White CEO Tim Gurner, desperate cry for CEOs to starve out workers

White CEO Tim Gurner, desperate cry for CEOs to starve out workers.
 This is a classic crybaby tactic from the planet’s least evolved human, In his opinion, this is what needs to happen and Mr. Gurner sees it like this…


In the annals of history, it is not uncommon for the privileged to misconstrue the plight of the laboring masses. Such an instance has recently unfolded, as Mr. Tim Gurner, a millionaire property developer hailing from the shores of Australia, has seen fit to castigate workers for daring to seek more equitable conditions. His audacious proclamation, that workers’ aspirations for a fairer share of the fruits of their labor are tantamount to arrogance, cannot be left unexamined.

At the heart of Mr. Gurner’s contention lies a deeply flawed understanding of the nature of work and the dynamics of power. It is a notion that reverberates with echoes of a bygone era, when the sanctity of labor was disregarded, and the toiling masses were subjected to the capricious whims of those who deemed themselves their betters. To assert that workers’ aspirations for a better life mirror the desires of CEOs is a lamentable misjudgment, one that belies a fundamental disconnect with the realities faced by the laboring class.

In his call for unemployment to ascend to a staggering 50 percent, Mr. Gurner exhibits a shocking disregard for the wellbeing and livelihoods of countless individuals and families. Such a proposition is not merely a policy prescription, but a testament to the callousness with which he views those who form the backbone of our societies. It is a proposition that harkens back to an era when the rights and dignity of workers were held in scant regard, and the fruits of their labor were expropriated with impunity.

To attribute the perceived decline in productivity during the global pandemic to a sudden disinclination to work is a gross oversimplification, one that obscures the myriad factors at play. It is a disservice to the resilience and adaptability exhibited by workers across the globe, who faced unprecedented challenges with fortitude and resolve. The pandemic wrought havoc on economies and societies, disrupting established norms and forcing individuals to grapple with uncertainty and upheaval. To lay the blame squarely at the feet of workers is to willfully ignore the broader complexities that shaped this tumultuous period.

Mr. Gurner’s assertion that workers ought to be reminded of their subservience to their employers reveals a disturbing misunderstanding of the nature of the employer-employee relationship. It is a relationship predicated on mutual benefit and reciprocal respect, one in which both parties contribute to the collective enterprise. To suggest otherwise is to perpetuate a hierarchical view of labor, one that seeks to perpetuate a system in which the laboring class is relegated to a position of perpetual inferiority.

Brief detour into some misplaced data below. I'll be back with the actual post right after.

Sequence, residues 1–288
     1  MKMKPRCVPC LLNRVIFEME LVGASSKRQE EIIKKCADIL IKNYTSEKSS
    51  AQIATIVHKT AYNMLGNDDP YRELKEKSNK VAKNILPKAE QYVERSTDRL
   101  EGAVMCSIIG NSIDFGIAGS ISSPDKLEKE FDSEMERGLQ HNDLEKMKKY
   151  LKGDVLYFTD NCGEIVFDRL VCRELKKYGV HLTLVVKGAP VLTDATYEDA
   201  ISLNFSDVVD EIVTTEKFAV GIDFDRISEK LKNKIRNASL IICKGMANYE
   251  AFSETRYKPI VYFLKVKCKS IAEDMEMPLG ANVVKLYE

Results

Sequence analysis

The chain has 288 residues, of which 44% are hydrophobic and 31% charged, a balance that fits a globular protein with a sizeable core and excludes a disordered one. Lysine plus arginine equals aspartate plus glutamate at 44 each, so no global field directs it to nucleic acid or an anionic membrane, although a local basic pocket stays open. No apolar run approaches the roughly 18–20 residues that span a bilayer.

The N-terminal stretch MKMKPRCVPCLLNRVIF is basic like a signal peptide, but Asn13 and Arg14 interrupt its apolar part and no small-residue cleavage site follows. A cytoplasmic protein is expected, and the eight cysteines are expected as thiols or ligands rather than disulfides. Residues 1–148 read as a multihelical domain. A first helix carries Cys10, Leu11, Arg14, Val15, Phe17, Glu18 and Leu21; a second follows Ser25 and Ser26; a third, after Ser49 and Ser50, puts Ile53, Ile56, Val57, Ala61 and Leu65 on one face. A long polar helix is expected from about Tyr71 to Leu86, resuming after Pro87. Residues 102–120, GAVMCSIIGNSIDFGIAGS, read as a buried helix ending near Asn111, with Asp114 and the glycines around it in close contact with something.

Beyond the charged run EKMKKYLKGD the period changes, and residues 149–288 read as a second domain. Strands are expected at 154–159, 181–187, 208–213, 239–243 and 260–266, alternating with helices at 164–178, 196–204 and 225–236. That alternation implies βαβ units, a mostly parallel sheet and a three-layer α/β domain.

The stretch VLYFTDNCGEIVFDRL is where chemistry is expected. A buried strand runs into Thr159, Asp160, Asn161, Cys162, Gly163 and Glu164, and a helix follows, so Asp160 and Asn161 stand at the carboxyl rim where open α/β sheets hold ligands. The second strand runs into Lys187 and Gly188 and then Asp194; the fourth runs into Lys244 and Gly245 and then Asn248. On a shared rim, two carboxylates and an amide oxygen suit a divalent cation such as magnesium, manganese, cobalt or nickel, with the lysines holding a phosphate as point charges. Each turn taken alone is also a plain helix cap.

In casting aspersions on the post-Covid work rates of construction laborers, Mr. Gurner inadvertently exposes a deeper malaise that afflicts our societal ethos. It is a malaise rooted in a skewed valuation of labor, where the contributions of those engaged in physically demanding occupations are often marginalized and undervalued. This disparagement is not only an affront to the dignity of labor, but a testament to the enduring inequities that persist within our societies.

In this time of reckoning, it is imperative that we heed the lessons of history and reject the misguided notions espoused by those who would seek to perpetuate an unjust status quo. The words of Mr. Gurner serve as a stark reminder of the enduring struggle for the rights and dignity of workers, a struggle that has defined epochs and continues to shape the trajectory of our societies.

As we reflect on Mr. Gurner’s lamentable statements, let us redouble our commitment to the principles of justice, equity, and fair labor practices. Let us stand in solidarity with the laboring masses, whose contributions are the bedrock upon which the edifice of prosperity is built. Let us, in the spirit of W.E.B. Du Bois, strive for a world where the pursuit of the American Dream is not a nightmare for those who seek to realize it, but a promise fulfilled for all.